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Oil rises on mixed dollar

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[August 13, 2008]  VIENNA, Austria (AP) -- Traders bid oil higher Wednesday amid mixed signals on the strength of the U.S. dollar and ahead of weekly U.S. crude inventory data expected to show a slight increase in oil supplies .

A weakening dollar has helped boost oil prices this year, because dollar-denominated commodities are often used as hedges against inflation and a falling U.S. currency. The euro rose Wednesday to $1.4919 but the yen was weaker against the greenback, trading at 1 U.S. dollar to 108.93 yen.

Light, sweet crude for September delivery rose 23 cents to $113.24 a barrel in electronic trading on the New York Mercantile Exchange by noon in Europe. The contract dropped $1.44 overnight to settle at $113.01 a barrel.

Nymex crude is down about $33, or 22 percent, from its high of $147.27 on July 11.

"I think a drop of 20 percent is a bit over done," Kornafel said. "We've fallen too far, too fast. I expect the market to sit between 110 and 120 in the short-term."


Investors are waiting for a report by the U.S. Energy Department's Energy Information Administration on U.S. oil stocks for the week ended Aug. 8 later in the day. The petroleum supply report was expected to show that crude stocks rose by 500,000 barrels, according to the average of analysts' estimates in a survey by energy research firm Platts.

A cease-fire declared by Russia and Georgia in their conflict over South Ossetia appeared to have reduced any concerns that hostilities there would have a major effect on oil shipments through Georgia.

Investors "have taken profits as they've seen demand destruction in the U.S. and they're seeing it spread a little into Europe," said Jonathan Kornafel, Asia director for brokerage Hudson Capital Energy in Singapore.

The Platts survey also showed that analysts projected gasoline inventories to have fallen 2.2 million barrels and distillates to have risen 1.9 million barrels during last week.

Any fall in gasoline supplies would come despite indications that the high price at the pumps is putting a crimp in demand.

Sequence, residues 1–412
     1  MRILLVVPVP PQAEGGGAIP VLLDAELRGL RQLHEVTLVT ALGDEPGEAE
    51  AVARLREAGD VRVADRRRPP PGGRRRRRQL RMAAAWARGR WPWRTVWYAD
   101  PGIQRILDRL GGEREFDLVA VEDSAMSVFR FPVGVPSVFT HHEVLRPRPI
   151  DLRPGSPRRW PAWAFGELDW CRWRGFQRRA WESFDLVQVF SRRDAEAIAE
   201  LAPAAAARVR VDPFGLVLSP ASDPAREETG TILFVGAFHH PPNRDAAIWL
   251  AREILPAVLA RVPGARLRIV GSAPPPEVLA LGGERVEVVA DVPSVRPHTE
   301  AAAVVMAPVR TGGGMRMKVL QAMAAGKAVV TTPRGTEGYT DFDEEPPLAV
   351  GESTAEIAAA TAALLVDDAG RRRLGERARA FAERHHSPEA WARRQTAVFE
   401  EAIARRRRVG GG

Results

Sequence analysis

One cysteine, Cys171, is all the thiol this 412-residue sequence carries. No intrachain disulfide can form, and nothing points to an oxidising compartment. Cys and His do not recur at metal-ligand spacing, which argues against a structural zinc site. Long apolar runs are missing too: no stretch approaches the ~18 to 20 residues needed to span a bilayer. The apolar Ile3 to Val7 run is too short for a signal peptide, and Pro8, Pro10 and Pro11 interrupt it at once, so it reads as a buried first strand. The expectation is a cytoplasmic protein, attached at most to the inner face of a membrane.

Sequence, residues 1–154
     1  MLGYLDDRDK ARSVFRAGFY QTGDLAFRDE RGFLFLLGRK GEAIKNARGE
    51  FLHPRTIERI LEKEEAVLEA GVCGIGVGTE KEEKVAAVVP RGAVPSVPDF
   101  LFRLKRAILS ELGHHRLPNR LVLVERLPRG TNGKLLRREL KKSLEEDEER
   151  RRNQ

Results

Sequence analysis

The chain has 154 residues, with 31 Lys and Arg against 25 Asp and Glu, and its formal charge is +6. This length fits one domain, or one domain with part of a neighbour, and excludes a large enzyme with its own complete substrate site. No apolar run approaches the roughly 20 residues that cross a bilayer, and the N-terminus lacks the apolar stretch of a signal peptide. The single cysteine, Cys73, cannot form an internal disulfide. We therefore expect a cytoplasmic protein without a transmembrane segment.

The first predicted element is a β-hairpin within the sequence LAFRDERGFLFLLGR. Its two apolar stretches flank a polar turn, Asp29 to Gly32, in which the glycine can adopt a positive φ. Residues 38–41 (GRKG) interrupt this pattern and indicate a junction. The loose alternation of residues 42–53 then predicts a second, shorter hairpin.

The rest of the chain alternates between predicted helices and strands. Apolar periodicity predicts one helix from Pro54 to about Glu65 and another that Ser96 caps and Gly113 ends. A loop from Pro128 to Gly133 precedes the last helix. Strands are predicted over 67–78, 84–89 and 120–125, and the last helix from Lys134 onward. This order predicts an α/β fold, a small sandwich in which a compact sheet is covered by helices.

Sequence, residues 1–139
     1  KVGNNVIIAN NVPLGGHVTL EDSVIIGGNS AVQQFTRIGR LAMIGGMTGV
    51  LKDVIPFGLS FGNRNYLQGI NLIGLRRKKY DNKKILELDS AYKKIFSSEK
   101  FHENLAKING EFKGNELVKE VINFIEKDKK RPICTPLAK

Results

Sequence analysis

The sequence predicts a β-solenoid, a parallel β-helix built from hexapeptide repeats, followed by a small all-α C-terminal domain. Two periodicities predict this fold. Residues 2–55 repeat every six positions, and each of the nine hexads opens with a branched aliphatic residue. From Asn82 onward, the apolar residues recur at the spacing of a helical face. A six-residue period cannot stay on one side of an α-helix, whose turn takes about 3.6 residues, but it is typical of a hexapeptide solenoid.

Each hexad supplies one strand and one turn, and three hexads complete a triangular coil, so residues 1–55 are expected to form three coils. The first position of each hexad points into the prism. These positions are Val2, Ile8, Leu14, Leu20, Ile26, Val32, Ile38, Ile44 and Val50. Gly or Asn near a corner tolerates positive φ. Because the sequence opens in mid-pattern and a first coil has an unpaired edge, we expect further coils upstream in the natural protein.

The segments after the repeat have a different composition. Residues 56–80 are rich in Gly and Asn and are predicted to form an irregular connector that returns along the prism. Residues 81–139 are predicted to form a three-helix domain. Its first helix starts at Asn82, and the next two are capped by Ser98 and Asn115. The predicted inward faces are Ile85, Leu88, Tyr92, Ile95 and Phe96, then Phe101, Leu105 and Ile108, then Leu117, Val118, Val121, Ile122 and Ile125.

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Vienna's JBC Energy cited the latest report from MasterCard Advisors, showing that "U.S. gasoline demand last week was almost 4 percent lower compared to the same week in 2007 despite a considerable decline in retail prices."

Gasoline prices gained more than 2 cents to $2.8680 a gallon (3.8 liters). In other Nymex trading, heating oil futures gained nearly 2 cents to $3.0973 gallon (3.8 liters), while natural gas futures rose 7 cents to $8.4 per 1,000 cubic feet.

In London, Brent crude for September delivery rose 76 cents to $111.91 a barrel.

The International Energy Agency lowered its forecast on Tuesday for oil product demand from 30 developed countries, located mostly in Europe and North America, to 48.6 million barrels a day, down 1.3 percent from last year.

The Paris-based energy watchdog's report arrived a day after China said its crude imports in July, while historically strong, were down 7 percent from the same month last year.

The IEA cautioned that it is too early to determine whether the recent fall in oil prices is a longer-term trend. It said demand in developing countries could offset declines in developed nations, and that it sees Chinese oil demand continuing to grow at a robust pace.

"The question is where will the number level off at for China in the next few months," Kornafel said. "China is an enormous driver for the price of oil, along with India, Brazil and the Middle East."

[Associated Press; By GEORGE JAHN]

Copyright 2008 The Associated Press. All rights reserved. This material may not be published, broadcast, rewritten or redistributed.


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